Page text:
Hoo boy. Someone’s going to have to explain to this clueless neophyte how you’re supposed to deal with items like this. Steven Stwalley, a friend of Stripper’s Guide, sent this item to me for a little blog-flogging. So I want to be positive, but my churlish need to be objective leads me down another path. So let’s start with the positive — this is one VERY cool format. I don’t know how this group managed to find a printer who would tackle the job, but what we have here is a giant newspaper broadsheet ‘comic section’, filled with (mostly) full page comic strips. How cool is that? When it arrived my heart skipped a few beats — I’m just not used to seeing any comics printed this large that aren’t yellowed and musty.
The idea is inspired. Offer a group of cartoonists the opportunity to draw a giant full page strip just like the fabled newspaper cartoonists of the good old days. The problem is that most of the creators represented here squandered what may be a once-in-a-lifetime chance to spread their wings, or are simply not up to the task. A few did rise to the bait, like Diane Nock who offers us a beautifully designed page that riffs on classic comic strip format and conventions. There is plenty of excellent cartooning in the book, but darn few pages that make any real use of the vast acreage of newsprint that they had to work with. Many, in fact, give the impression of being blown-up comic book pages.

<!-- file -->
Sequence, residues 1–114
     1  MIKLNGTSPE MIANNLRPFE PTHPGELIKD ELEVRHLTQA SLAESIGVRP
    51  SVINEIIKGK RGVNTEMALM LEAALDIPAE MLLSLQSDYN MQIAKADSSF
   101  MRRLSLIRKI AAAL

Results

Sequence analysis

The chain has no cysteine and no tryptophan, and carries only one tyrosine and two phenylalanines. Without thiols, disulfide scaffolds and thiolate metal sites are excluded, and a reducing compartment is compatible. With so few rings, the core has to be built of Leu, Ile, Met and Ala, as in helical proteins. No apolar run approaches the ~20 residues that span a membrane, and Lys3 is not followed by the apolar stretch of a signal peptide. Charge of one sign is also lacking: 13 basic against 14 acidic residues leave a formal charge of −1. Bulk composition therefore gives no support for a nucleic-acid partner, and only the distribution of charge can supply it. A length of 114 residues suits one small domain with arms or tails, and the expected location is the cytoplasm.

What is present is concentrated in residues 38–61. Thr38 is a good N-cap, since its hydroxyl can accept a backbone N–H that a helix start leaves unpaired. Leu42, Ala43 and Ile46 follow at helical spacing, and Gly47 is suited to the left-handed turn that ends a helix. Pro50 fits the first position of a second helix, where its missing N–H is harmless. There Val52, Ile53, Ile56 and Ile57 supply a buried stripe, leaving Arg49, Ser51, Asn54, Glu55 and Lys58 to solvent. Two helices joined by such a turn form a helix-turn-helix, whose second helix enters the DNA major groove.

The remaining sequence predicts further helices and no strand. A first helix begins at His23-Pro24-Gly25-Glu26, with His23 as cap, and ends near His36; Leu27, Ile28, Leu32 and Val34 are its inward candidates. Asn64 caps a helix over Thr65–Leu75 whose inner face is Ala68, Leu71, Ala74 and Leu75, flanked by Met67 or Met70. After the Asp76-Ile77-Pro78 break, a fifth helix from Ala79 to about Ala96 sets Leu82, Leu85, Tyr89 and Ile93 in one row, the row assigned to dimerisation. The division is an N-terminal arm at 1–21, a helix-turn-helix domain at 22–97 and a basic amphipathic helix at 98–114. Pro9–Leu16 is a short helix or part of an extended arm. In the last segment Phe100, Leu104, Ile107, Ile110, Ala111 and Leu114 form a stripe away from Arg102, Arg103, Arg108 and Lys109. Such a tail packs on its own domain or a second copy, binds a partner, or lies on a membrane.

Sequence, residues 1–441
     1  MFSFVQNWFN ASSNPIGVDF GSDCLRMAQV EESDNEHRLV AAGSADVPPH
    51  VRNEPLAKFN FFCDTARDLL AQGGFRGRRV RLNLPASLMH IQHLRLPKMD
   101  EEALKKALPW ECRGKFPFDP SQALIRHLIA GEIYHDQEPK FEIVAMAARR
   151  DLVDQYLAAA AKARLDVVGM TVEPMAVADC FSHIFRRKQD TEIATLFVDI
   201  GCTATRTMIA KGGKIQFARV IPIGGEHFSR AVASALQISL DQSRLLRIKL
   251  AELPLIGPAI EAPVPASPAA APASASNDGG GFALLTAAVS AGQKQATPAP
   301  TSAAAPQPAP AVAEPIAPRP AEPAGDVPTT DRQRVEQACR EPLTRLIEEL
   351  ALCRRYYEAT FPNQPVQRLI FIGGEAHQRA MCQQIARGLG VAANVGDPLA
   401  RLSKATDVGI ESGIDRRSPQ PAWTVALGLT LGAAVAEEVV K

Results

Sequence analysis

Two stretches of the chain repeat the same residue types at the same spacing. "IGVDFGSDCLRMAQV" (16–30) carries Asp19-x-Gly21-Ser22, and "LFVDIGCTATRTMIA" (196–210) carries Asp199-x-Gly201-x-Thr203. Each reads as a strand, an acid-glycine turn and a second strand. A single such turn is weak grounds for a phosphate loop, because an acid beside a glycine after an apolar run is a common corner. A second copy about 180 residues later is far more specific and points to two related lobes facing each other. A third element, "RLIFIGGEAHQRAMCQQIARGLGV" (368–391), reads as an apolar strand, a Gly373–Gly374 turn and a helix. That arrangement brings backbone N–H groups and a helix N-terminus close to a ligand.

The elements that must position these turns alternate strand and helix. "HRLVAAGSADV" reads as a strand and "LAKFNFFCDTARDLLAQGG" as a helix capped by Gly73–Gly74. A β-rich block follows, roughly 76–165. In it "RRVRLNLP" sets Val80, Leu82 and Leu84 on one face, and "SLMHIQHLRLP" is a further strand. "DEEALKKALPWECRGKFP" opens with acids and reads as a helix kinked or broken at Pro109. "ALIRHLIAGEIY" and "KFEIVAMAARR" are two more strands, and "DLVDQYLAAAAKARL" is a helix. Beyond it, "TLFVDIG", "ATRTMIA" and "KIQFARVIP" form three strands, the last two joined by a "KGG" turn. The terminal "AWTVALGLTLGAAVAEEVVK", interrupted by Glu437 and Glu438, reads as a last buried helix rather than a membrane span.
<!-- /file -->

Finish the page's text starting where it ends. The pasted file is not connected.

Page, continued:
What was really disappointing, though, was the writing. Most of these strips reminded me of the kind of narcissistic claptrap that I remember from the lesser underground comics of the 1970s. You know, the stuff that cartoonists drew after downing a couple hits of acid with a chaser of Wild Turkey. I’m sure the creators (then and now) think they’re producing amazing avant-garde works of art, but I have no patience with such self-absorbed gobbledegook. That’s not to say I can’t appreciate artsy comics. I’m not a troglodyte in these matters — I read all 300 issues of Cerebus and most everything Robert Crumb and Art Spiegelman have ever produced — but most of this material is art for art’s sake, and not in a good way.
I do hope that the Cartoonist Conspiracy will try this experiment again. Perhaps after seeing the first issue, these cartoonists and others will better understand the potential inherent in this classic format and rise to the occasion.